Scrolling on the web is something that we take for granted when thinking about how users will interact with our website. There are two schools of thought on the subject: one that’s ingrained in how we interact with what we’re seeing on our screen, and the other ingrained in how we interact with the real world.
While you’re reading this article, if you’re using a standard computer with a mouse that has a scroll wheel, you’re probably scrolling down to read more of the article. Don’t you find it odd that in order to move the page upwards, you’re scrolling downwards? This is even more apparent if you’re using a laptop with a trackpad, where you move your finger in a downward motion to move the page upward.
Perhaps you’re on a smartphone or tablet, or some other device that allows you to have a touch-based interaction with the site, in this case you might be scrolling ‘naturally’ where if you scroll up the page will move upwards, and if you scroll down the page will move downward. This is akin to dragging the page in the direction that you want it to move.
While recently implementing a image scroller/marque/slider, I became aware of an important decision about scrolling direction. This is a subject that I’m sure has been discussed extensively before, but it’s still an interesting subject. I’ll be discussing this based around scrolling within a ‘slider’ device, and scrolling a page.
First a diagram of the problem on the X-axis:
Second a diagram of the problem on the Y-axis:
Figure 1 - The default state. This is before we’ve interacted with the page at all.
Figure 2 - Interaction with a ‘viewport bias’, here the viewport is the component that we’re moving. This is the kind of interaction most people would feel accustomed to. This is how scroll bars in your web browser work, and how your scroll wheel works. This is expected as it’s the way scrolling has been ingrained in to interaction with content on an axis.
Since the early days of terminal computing, the up/down/left/right keys on the keyboard have been used to navigate in their respective directions.
This is comparable to having a long piece of paper suspended in front of you, and then bending your knees to read from the top of the page to the bottom.
If I click on a ‘previous’ or ‘left’ arrow on a slider device I am expecting the viewport to move to the left – in this case, the content will appear to move to the right.
Figure 3 - Interaction with a ‘content bias’, here the content is the component that we’re moving. This is supposedely a more ‘natural’ scrolling technique.
Apple use this on their iOS devices, where you’re interacting by moving the content with your finger. Since Mac OS X Lion this feature has crept in to the desktop too.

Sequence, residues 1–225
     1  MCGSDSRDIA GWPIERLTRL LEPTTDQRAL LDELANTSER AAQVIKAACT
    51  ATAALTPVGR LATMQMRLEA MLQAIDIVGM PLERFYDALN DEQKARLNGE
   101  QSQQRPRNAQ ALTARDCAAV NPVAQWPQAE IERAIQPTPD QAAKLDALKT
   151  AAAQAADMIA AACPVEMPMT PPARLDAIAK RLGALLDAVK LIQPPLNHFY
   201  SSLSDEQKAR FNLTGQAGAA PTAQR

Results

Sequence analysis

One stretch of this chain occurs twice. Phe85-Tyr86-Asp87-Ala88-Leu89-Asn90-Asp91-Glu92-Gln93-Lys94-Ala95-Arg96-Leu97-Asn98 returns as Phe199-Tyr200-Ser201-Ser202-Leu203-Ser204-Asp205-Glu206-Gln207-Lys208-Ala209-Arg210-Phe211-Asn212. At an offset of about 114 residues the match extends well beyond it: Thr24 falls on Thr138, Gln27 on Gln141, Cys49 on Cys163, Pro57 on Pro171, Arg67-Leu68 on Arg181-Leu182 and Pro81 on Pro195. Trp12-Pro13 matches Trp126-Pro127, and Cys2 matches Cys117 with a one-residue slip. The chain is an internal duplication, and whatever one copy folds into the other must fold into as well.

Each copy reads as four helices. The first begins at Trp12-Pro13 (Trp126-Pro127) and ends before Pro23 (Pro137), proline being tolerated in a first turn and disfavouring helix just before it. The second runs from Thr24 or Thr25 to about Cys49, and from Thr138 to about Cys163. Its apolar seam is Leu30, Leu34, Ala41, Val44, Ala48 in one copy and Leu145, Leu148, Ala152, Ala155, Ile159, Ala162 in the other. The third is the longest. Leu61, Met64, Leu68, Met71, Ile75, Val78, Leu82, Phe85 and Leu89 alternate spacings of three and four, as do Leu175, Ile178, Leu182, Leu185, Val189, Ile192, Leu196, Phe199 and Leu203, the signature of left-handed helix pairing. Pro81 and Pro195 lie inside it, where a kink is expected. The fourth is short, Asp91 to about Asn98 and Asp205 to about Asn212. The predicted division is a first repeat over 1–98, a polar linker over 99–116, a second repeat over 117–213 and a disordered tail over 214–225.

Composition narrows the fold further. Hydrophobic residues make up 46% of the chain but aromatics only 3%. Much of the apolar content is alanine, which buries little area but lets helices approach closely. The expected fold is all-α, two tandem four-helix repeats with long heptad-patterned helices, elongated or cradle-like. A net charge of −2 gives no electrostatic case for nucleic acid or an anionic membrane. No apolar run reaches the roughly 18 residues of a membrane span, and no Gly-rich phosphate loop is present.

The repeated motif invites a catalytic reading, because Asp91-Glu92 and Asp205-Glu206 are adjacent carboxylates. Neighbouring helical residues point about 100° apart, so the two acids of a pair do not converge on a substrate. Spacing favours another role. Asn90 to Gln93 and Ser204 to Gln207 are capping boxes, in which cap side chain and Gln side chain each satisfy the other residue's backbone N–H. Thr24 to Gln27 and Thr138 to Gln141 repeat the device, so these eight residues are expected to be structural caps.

This is comparable to holding a long piece of paper in front of you, and then raising the paper higher in to the air to read from the top of the page to the bottom.
If I touch a ‘previous’ or ‘left arrow on a slider, or I make a flicking/swiping gesture to the left, I am expecting the content to move to the left – in this case, the viewport will appear to move to the right.
How does this effect the web?
With websites being developed to be device agnostic, in that the user interaction works as well on a PC as it does on an iPhone, while the site may look visually different some consideration should be made in to how we interact with these kind of devices.
After some Googling though I found some answers, such as the article ‘Gesture Wars’ from Don Norman, in his article he says:
Both models are correct in the sense that both make logical sense. The “correct” answer is that the method of scrolling should match the user’s conceptual model of the activity (usually called the user’s mental model). Whichever method is adopted then requires that all people learn to see the world through that particular conceptual model.
This comment from Larry Tesler on IXDA gives some more insight into why we historically ‘scroll up to go down’, and why scrollbars are designed the way they are.
On the BBC homepage, where I’m sure it’s safe to say they’ve invested a lot of time considering usability, they’re using the ‘viewport biased’ scrolling direction for the slider.
Taking a step back from the interaction/use cases of the device, while implementing this slider, the terms ‘previous’ and ‘next’ are often thought to associate with ‘go left’ and ‘go right’ respectively. Though as it turns out, if you’re implementing something that will be interacted with by mouse, the opposite should happen.